‘Rain lays the dust’ at Southern Field Days

What a difference a day makes.

Sunshine for the first day of Southern Field Days at Waimumu, near Gore, was replaced with overcast, wet skies for day two yesterday, but that failed to deter the crowds filing through the gates.

T-shirts and jandals were replaced with gumboots and umbrellas but, as the site’s caretaker Jack Cooper philosophically said, "rain lays the dust", and got people into the trade tents.

The economic benefits the event had brought to the Gore area over the years had been "unreal", and it was great to have it back after Covid-19 scuppered the last planned event, Mr Cooper said.

St Peter’s College pupils (from left) Austyn Turnbull, Ella King and Samantha Marsh, all 17,...
St Peter’s College pupils (from left) Austyn Turnbull, Ella King and Samantha Marsh, all 17, provide a splash of colour on a dreary day at Southern Field Days yesterday. PHOTO: SALLY RAE
Hot coffee was more the refreshment of the day, rather than ice creams, while the aroma of lamb wafted around the site as National Lamb Day was celebrated, marking the anniversary of the day the ship Dunedin left Port Chalmers for London in 1882 carrying the first frozen shipment of meat from New Zealand to England.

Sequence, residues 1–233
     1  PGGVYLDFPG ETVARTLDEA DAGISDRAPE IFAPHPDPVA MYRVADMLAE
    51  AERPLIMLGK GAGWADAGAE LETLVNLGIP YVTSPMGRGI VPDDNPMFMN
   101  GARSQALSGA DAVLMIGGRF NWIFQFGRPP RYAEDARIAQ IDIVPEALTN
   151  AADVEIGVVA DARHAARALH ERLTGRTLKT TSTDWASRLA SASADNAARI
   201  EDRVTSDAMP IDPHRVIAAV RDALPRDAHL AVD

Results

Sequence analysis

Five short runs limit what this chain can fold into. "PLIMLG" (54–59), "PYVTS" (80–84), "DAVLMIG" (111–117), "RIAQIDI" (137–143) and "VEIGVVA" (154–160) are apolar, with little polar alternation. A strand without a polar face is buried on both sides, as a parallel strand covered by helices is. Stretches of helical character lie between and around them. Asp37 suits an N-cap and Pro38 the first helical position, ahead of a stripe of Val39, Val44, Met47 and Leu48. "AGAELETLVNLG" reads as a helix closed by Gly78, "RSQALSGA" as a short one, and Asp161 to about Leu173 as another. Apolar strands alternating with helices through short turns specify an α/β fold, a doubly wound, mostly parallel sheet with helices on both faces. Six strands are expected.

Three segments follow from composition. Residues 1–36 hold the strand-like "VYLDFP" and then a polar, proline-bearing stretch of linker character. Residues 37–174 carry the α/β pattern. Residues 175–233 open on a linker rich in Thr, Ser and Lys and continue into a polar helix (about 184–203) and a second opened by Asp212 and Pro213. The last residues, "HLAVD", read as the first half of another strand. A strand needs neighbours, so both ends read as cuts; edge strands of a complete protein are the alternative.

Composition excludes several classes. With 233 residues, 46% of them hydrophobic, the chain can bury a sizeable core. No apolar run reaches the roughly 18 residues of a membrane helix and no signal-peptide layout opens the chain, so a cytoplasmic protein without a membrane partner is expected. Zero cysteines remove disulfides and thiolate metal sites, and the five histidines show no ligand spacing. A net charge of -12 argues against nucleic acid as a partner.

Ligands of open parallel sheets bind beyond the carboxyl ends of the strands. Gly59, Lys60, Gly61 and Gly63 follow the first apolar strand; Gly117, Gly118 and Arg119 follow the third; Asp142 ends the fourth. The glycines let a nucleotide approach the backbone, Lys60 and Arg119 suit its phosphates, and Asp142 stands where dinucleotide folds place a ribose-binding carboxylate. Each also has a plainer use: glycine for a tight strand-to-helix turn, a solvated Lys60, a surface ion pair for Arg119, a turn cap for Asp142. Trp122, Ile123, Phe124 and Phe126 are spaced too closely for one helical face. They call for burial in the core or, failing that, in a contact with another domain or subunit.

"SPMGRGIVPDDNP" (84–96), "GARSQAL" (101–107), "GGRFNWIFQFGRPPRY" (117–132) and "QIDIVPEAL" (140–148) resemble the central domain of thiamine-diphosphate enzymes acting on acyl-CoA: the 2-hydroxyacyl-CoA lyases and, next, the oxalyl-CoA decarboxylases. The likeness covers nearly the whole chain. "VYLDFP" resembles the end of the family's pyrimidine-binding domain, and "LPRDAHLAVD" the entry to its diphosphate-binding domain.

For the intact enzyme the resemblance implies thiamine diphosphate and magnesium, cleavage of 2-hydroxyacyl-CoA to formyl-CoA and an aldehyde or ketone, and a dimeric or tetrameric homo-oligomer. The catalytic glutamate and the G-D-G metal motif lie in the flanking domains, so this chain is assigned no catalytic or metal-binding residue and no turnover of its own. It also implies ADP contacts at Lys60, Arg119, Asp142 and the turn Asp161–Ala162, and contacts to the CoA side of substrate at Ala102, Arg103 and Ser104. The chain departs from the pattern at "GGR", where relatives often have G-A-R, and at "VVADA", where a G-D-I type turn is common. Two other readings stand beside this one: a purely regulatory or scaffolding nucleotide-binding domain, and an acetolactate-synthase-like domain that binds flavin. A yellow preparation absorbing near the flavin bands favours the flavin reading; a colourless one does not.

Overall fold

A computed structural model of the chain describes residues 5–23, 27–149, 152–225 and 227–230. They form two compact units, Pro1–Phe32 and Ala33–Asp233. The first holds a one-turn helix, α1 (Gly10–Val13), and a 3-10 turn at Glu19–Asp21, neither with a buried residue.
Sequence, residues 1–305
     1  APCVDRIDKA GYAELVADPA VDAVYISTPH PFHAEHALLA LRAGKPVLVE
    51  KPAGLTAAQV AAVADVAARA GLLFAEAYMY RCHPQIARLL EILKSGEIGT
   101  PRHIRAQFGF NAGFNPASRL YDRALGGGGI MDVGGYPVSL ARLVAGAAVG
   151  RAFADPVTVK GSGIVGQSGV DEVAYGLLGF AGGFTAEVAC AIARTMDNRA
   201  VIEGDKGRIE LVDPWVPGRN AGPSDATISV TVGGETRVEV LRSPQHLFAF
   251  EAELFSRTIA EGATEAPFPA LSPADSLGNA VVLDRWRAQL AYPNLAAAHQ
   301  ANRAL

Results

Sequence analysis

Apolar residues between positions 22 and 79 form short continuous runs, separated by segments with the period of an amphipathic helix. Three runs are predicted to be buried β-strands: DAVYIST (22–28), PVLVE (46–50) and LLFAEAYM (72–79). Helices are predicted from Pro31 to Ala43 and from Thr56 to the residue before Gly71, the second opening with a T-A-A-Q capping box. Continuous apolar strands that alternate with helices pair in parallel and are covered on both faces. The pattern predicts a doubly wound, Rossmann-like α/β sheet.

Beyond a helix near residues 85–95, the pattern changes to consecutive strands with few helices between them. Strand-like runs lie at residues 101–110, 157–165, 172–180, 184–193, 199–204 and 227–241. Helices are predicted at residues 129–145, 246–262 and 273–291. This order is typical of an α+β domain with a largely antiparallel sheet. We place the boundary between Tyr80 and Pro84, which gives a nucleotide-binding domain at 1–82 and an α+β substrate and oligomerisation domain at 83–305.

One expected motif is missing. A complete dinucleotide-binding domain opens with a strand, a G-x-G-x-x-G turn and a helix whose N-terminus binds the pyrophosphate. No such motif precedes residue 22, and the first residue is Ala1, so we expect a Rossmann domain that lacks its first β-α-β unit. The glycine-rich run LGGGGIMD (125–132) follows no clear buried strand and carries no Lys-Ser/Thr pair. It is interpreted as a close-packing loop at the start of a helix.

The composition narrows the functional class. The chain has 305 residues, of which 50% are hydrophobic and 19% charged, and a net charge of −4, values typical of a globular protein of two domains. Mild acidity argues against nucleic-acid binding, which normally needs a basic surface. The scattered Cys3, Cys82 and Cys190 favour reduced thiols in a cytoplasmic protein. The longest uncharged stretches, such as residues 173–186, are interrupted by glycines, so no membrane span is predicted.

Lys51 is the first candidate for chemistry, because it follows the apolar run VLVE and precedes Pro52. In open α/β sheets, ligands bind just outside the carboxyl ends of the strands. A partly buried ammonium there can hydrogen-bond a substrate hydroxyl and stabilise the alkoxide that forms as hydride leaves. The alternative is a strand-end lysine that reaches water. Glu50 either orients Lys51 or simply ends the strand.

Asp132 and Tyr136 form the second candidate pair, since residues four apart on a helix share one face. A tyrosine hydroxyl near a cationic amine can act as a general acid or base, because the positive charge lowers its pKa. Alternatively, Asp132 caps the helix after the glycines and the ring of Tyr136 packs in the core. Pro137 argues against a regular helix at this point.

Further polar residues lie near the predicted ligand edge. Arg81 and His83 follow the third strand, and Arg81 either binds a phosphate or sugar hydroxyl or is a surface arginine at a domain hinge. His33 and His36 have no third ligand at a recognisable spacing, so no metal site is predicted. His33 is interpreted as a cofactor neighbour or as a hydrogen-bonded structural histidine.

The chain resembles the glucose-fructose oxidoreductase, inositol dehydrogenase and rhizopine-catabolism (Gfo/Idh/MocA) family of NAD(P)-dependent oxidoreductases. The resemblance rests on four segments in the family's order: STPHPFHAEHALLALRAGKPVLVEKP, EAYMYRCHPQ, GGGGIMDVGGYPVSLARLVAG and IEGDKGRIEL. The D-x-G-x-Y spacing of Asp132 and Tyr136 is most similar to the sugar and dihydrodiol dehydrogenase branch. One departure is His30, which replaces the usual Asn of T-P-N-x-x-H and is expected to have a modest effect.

Given the state of the rural sector, it was obvious that spending was not a high priority, particularly for big-ticket items, but those attending were enjoying a day out.

Dairy farmer, former Federated Farmers national president and now Associate Minister of Agriculture Andrew Hoggard said it was important to attend events like the field days, to hear from grassroots level, rather than just "sitting in Wellington".

Mr Hoggard, who was elected an Act MP last year, said it was a definite change from his previous role. While used to being in the public eye and being aware of what the issues in the rural sector were, the real change was "now the buck stops with us", he said.

"It’s a lot more pressure now than just stating a view," he said.

There was little time to be hands-on dairy farming on his Manawatu property, although he was scheduled to arrive home at lunchtime today and would be in the shed pregnancy-testing cows this afternoon. On weekends, he tended to have a look around the farm and also sort the weekly plan for staff.